Friday, 22 September 2017

Rime - Review

Developer: Tequila Works
Publisher: Grey Box/Six Foot 
Platforms: PC, PS4 (version played), Switch, Xbox One 

[Warning: This review contains potential spoilers for Rime. Read on at your own risk.] 

Rime, as with many independent adventure games, starts by making you ask questions. Why is my character here? What is he doing? What’s happened? It’s an obvious “hook”, something that any good story, regardless of medium, is likely to do, and it serves Rime well.

Developed by Tequila Works, the developers of zombie-horror side-scroller Deadlight and co-developers of the recent Sexy Brutale, Rime plays out, visually at least, like a love letter to Legend of Zelda: The Wind Waker. Left shipwrecked on the edge of an island, the game subtly nudges you in the right direction as you guide the nameless protagonist, a young boy, inland, clambering around cliff faces and scuffling over rocks.

It’s basic platforming, but is strengthened both by Tequila Works strong sense of atmosphere and their level design. Rime is linear in the sense that there’s a clear endpoint in every location, with only a few non-essential doo-dads for the completionists to force you off the beaten track. Yet, the design of each of Rime’s locations, rather than feel like “levels” simply feel like an environment, something to explore and wander through and be gently nudged (but never cajoled) in the right direction.

The developers soon swap Windwaker for Ico/The Last Guardian, as you’re introduced to a fox companion who gently points out where you’re supposed to go with a helpful bark every now and then. After laying out its basic structure of platforming and basic puzzles, the game settles into a rewarding hum as it shuttles along its five to six hour runtime.

Rather than simply stick to one basic location, the developers structure the game around specific areas, each with their own gimmick and set of challenges to overcome. After making your way across the island, you’re transported to a desert, where a bird monster constantly harries your progress by threatening to pluck you out of the sand unless you intermittently find cover beneath rocks or structures. Meanwhile, a later area takes place in a flooded temple (again, very Zelda) and has you attempting to reawaken stick-legged robot creatures from their slumber, slowing down the pace and introducing more puzzles.

The environmental changes from area to area, along with the simple yet satisfying puzzles, help Rime to maintain a gentle but effective pace without ever becoming plodding or dull. As with Little Nightmares earlier this year, Rime has a masterful sense of incorporating storytelling into its gameplay whilst rarely breaking player control. More importantly, it serves the game’s simplicity well, with everything playing out like a charming interactive animation.

Despite the simplicity of much of its mechanics, Rime is never tedious or boring to play. Its puzzles typically revolve around the boy’s “shout” which can interact with blue structures in the environment, be they switches or jars. Likewise, later sequences expand on this concept as you lug around shiny blue orbs that both function as keys, and can be used to “super-charge” the area around you, activating multiple switches simultaneously.

By the time the game reaches its final area, there’s a sense that Rime has morphed into something very different entirely. Like I said, it’s a game that tells its story through its gameplay but in a way that never feels obscure or vague for the sake of it.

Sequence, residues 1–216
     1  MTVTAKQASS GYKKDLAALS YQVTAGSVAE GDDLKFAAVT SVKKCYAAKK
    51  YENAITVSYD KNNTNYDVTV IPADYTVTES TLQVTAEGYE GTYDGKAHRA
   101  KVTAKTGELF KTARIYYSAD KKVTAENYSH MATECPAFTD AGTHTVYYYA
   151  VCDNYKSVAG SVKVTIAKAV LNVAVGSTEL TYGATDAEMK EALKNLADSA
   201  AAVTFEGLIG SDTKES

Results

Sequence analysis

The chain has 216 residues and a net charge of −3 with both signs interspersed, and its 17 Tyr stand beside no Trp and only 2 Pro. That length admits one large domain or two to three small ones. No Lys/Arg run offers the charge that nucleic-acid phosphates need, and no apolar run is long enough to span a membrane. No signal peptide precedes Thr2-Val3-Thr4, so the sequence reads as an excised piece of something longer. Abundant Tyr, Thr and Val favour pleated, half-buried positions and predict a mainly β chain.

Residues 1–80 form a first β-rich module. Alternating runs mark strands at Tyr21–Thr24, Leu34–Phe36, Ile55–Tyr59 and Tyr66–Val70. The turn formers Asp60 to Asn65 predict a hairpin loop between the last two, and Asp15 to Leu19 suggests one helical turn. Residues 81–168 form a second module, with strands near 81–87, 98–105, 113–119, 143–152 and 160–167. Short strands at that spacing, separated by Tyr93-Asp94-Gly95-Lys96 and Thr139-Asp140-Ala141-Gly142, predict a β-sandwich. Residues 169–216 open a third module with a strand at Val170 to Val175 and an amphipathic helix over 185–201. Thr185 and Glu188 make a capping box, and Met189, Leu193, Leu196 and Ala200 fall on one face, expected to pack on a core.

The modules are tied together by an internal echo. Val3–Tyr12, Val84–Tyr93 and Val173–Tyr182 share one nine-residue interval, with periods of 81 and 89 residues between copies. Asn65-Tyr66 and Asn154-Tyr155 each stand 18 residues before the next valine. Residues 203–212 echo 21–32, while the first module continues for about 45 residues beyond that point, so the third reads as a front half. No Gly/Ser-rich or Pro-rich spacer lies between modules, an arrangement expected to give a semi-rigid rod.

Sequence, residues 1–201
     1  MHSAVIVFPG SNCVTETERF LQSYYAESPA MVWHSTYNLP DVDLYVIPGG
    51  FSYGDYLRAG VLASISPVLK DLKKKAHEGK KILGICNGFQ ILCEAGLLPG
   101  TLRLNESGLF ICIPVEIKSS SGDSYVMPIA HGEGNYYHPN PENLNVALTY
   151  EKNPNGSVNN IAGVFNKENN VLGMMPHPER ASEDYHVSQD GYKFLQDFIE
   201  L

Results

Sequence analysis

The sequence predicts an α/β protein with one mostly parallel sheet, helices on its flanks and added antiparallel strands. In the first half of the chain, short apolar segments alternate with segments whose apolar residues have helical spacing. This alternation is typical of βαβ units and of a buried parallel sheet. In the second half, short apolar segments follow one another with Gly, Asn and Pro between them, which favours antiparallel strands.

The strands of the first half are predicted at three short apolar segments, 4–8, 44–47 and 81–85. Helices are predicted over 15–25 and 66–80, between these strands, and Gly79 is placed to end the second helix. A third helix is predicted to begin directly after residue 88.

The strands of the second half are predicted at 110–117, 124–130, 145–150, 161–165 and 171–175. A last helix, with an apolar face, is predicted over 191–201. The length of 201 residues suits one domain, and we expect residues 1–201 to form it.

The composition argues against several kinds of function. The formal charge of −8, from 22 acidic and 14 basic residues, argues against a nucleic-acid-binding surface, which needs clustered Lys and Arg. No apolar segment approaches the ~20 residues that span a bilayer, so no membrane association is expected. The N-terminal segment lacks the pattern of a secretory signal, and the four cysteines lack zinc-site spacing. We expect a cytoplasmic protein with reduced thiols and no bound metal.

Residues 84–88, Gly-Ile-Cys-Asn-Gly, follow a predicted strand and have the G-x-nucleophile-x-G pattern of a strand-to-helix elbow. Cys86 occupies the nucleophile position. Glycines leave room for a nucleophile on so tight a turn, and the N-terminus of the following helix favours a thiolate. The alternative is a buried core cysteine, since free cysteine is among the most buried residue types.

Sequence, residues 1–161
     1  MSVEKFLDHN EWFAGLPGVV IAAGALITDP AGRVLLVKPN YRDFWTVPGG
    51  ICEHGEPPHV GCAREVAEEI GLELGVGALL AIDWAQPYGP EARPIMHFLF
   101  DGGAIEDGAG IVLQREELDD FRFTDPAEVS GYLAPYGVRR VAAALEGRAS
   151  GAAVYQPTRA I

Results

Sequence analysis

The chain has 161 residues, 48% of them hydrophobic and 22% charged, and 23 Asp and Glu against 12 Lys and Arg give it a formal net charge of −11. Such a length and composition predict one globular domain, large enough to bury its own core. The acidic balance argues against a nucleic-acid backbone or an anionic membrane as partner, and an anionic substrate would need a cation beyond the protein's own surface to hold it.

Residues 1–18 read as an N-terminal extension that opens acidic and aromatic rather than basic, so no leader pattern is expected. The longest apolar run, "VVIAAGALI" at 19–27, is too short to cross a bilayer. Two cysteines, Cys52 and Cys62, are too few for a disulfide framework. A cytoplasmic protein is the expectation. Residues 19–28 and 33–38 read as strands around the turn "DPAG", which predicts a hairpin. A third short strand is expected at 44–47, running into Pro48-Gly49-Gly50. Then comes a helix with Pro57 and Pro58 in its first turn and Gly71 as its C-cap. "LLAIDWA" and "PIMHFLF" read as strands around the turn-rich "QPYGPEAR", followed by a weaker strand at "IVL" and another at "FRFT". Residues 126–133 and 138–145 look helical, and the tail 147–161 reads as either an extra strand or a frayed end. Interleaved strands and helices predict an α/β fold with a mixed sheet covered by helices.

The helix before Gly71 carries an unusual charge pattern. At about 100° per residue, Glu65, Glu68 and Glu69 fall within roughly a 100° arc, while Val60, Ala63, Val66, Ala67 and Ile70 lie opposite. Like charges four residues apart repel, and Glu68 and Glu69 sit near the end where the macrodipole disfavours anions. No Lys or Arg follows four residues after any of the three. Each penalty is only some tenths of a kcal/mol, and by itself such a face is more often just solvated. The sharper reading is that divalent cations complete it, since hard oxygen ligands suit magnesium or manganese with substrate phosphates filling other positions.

It comes with something of a surprise when Rime delivers a “twist” in its closing act, shifting into very different territory than where it started. The emotional gut-punch of its climatic reveal is genuinely moving. It was there all along, staring you right in the face.

The fact that Tequila Works manage to craft such a story and tell it through a game that’s primarily about jumping around ledges and shouting at orbs is what makes it so engaging. Granted, it’s far from original as far as writing goes, and I criticised Outlast 2 earlier this year for doing something similar with its story.

Yet, it’s how Rime achieves its story as much as the one it tells that makes it satisfying in a way that Outlast 2 could never achieve. Ever since Silent Hill 2, game worlds as a metaphor for a character’s mental state have almost become something of a cliché, a shorthand solution for creating weird imagery and not needing to have a coherent story to tie everything back to.

The reason why Rime works in this sense is twofold. For starters, it simply avoids beating you over the head with its subtext. Instead, it trusts the player to simply enjoy the journey that’s unfolding and then allow the story underneath to emerge naturally, without reams of redundant dialogue or overdone visual metaphors.

Its other strength is its art-house sensibility. Rather than clutter its story and world with hints and nods to the story that’s emerging it instead takes a minimalist approach, trusting in the mood, atmosphere and beautiful soundtrack to communicate ideas that in most games would be stuffed into reams of backstory, notes and audio logs.

It's only when the absolute final reveal comes, and you finish the game, and open up the chapter select screen. All of the levels, the desert, the forest and so on, are each named after the stages of grief.

I’ve danced around the truth of what Rime is about rather than outright spoil it, but all I can say is it’s an absolutely wonderful game. It’s far from original perhaps, but that doesn’t matter so much when it’s delivered so effortlessly and in such a satisfying fashion.


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